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HORSE RACING / BILL CHRISTINE

Jockeys' Weight Issue Is Tough One to Resolve

August 28, 2004|BILL CHRISTINE

Roger Licht reminded some people of those old grammar-school math puzzles. You know, the questions that start, "If one train leaves Cleveland and another train leaves Chicago ... "

Licht, one of the commissioners on the California Horse Racing Board, was trying to get to the nitty-gritty of the Jockeys' Guild proposal that would increase the minimum weight for riders.

"Say a horse is carrying 118 pounds," Licht said to the guild at a recent board meeting at Del Mar. "That's 113 pounds of jockey weight, five pounds of equipment that's counted, and five pounds that's not counted. Right?

"Now under your proposal, if the horse was carrying 118 pounds, that would be 118 pounds of jockey weight and 10 pounds of equipment that isn't counted. So that would really be 128 pounds. Isn't that it? How am I wrong?"

Darrell Haire of the Jockeys' Guild did not agree with Licht's hypothetical.

"But tell me, in my example, how I'm wrong," Licht said, as the exchange heated up. "You're giving us a phony allocation of numbers here."

The guild, which represents more than 1,229 jockeys -- guild jockeys ride 90% of the races in the U.S. -- is seeking an increase in the minimum weight in California from 112 to 118 pounds.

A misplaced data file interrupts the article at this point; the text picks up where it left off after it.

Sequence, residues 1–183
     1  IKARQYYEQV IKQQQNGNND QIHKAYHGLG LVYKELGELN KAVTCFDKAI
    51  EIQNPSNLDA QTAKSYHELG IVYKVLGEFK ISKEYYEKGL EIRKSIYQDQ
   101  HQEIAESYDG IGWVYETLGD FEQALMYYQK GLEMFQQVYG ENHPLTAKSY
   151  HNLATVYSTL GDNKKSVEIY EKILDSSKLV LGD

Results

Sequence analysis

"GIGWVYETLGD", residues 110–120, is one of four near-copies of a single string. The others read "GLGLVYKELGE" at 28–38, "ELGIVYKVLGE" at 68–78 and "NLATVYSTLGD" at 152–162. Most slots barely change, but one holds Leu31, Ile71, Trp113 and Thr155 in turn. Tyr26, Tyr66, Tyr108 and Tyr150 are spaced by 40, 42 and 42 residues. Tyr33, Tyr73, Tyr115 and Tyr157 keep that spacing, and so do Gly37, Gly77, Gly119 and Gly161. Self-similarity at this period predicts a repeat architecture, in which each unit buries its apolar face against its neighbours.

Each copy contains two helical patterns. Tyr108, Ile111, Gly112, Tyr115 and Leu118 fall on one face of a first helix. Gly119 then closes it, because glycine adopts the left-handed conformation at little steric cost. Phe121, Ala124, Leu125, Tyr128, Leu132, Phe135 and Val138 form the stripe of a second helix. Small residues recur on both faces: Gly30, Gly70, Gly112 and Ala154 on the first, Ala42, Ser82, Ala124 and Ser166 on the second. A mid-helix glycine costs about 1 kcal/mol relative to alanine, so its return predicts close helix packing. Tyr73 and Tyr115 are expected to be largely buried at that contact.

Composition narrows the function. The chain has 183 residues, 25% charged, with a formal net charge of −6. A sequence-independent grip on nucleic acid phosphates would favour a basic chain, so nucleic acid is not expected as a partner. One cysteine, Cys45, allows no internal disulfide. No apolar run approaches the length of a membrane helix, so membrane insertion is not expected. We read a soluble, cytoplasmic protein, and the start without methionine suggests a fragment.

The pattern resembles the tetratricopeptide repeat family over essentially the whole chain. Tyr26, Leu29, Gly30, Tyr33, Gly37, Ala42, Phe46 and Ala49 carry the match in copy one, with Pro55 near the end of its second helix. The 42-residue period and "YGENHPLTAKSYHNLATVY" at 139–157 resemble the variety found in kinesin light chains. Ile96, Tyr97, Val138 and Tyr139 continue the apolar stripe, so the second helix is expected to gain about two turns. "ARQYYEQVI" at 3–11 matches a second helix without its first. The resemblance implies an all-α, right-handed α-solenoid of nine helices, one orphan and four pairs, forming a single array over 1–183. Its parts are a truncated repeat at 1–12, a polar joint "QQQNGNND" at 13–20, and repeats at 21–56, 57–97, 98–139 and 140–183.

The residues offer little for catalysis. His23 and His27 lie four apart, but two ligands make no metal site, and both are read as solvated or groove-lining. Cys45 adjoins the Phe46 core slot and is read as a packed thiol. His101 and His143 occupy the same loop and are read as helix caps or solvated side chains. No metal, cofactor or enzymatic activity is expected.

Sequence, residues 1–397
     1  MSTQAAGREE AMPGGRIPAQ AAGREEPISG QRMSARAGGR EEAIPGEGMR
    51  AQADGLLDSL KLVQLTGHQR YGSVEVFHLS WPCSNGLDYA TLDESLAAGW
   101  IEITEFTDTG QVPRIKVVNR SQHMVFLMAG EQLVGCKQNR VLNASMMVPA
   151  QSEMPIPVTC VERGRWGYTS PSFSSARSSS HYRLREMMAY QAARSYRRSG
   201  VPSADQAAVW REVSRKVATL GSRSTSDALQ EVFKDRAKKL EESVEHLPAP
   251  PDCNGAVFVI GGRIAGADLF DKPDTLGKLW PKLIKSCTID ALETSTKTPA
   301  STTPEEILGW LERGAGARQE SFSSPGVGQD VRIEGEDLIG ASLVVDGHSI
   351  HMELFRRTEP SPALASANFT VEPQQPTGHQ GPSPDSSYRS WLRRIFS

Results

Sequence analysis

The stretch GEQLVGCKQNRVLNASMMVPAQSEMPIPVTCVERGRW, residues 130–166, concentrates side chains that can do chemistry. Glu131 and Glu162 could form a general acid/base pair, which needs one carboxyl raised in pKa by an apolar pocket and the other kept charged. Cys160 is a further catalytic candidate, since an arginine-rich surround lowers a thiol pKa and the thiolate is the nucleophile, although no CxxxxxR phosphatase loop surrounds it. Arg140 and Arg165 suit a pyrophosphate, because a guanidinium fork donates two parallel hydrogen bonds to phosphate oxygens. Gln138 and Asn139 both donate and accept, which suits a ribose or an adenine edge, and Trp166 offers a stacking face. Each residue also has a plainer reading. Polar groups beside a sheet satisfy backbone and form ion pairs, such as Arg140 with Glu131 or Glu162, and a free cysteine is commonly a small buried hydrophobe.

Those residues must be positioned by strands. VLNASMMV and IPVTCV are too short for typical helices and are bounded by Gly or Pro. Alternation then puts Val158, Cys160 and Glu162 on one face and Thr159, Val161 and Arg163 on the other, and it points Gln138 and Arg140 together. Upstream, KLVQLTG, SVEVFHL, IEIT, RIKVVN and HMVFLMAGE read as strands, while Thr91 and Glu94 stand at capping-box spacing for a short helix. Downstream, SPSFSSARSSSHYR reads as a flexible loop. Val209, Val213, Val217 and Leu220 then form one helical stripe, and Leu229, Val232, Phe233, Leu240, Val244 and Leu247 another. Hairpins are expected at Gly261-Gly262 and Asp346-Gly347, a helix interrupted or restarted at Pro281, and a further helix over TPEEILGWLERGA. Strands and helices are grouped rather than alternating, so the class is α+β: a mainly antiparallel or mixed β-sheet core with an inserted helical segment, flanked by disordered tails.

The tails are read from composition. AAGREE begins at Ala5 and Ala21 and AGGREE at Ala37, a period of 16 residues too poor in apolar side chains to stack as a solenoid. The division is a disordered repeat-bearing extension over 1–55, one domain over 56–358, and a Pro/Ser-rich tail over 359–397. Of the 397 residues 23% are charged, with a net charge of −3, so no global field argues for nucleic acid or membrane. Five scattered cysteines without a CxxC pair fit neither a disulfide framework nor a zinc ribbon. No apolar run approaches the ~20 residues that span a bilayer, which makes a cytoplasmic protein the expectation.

"As it is," said Drew Cuoto, who heads the Thoroughbred Owners of California, "that's 112 pounds, plus the five pounds of equipment that's not counted, which means the horse actually carries 117 pounds. If we went to 118 pounds, plus the 10 pounds of equipment, that would be an increase to the horse of 11 pounds."

By then, many in the room would have preferred going back to grammar school.

Chris McCarron, who left a Hall of Fame riding career to become general manager of Santa Anita, brought up the weights of the jockeys' riding silks. One stable's silks weigh six ounces, another stable's are as heavy as two pounds.

Songwriter Burt Bacharach spoke at the meeting. In June, on Belmont Stakes day, Bacharach had taken out a full-page ad in the Daily Racing Form, supporting the jockeys.

"I'm Burt Bacharach," he said in introducing himself. "Horse owner, and part-time composer."

Then he read letters from doctors on the ills of forced weight loss.

McCarron said that instead of California leading the way, a national rule with higher weights should be drafted, pointing out that it would be chaotic if there were one system of weights here, and another everywhere else.

McCarron said that the Magna tracks, which include Santa Anita; the Churchill Downs tracks, which include Hollywood Park, and the New York tracks have already launched a dialogue.

Jockey Kent Desormeaux was not in favor of that approach.

"When the TOC set up the [betting] takeout, they cannibalized their business," Desormeaux told the racing board. "If we let the tracks handle this, they'll cannibalize the livers and kidneys of the jockeys."

The racing board carried over the discussion to its next meeting, which will be Sept. 16, in conjunction with the Los Angeles County Fair's meet at Fairplex Park in Pomona.

"Our first post is 12:30, Del Mar's was 2 o'clock," said George Bradvica, racing manager for the fair. "If they talk this long about the weights next time, we'll all miss a lot of races."

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